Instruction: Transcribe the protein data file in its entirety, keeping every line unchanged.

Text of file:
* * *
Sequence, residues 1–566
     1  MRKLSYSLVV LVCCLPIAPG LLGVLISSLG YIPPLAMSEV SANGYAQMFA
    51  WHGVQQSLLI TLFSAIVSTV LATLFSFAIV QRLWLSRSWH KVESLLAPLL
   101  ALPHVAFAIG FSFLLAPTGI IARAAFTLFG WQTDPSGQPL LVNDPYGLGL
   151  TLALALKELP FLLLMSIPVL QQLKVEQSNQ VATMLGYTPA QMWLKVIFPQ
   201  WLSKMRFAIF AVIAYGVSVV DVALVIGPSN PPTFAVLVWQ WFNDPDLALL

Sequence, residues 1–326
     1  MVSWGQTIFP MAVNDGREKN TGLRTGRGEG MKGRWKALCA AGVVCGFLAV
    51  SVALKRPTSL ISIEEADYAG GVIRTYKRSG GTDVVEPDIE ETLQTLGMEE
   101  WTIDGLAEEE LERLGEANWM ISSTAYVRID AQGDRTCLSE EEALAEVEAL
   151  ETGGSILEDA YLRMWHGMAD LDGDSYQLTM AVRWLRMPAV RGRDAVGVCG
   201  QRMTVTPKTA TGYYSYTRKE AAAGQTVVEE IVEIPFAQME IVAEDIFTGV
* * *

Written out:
Sequence, residues 1–566
     1  MRKLSYSLVV LVCCLPIAPG LLGVLISSLG YIPPLAMSEV SANGYAQMFA
    51  WHGVQQSLLI TLFSAIVSTV LATLFSFAIV QRLWLSRSWH KVESLLAPLL
   101  ALPHVAFAIG FSFLLAPTGI IARAAFTLFG WQTDPSGQPL LVNDPYGLGL
   151  TLALALKELP FLLLMSIPVL QQLKVEQSNQ VATMLGYTPA QMWLKVIFPQ
   201  WLSKMRFAIF AVIAYGVSVV DVALVIGPSN PPTFAVLVWQ WFNDPDLALL

Sequence, residues 1–326
     1  MVSWGQTIFP MAVNDGREKN TGLRTGRGEG MKGRWKALCA AGVVCGFLAV
    51  SVALKRPTSL ISIEEADYAG GVIRTYKRSG GTDVVEPDIE ETLQTLGMEE
   101  WTIDGLAEEE LERLGEANWM ISSTAYVRID AQGDRTCLSE EEALAEVEAL
   151  ETGGSILEDA YLRMWHGMAD LDGDSYQLTM AVRWLRMPAV RGRDAVGVCG
   201  QRMTVTPKTA TGYYSYTRKE AAAGQTVVEE IVEIPFAQME IVAEDIFTGV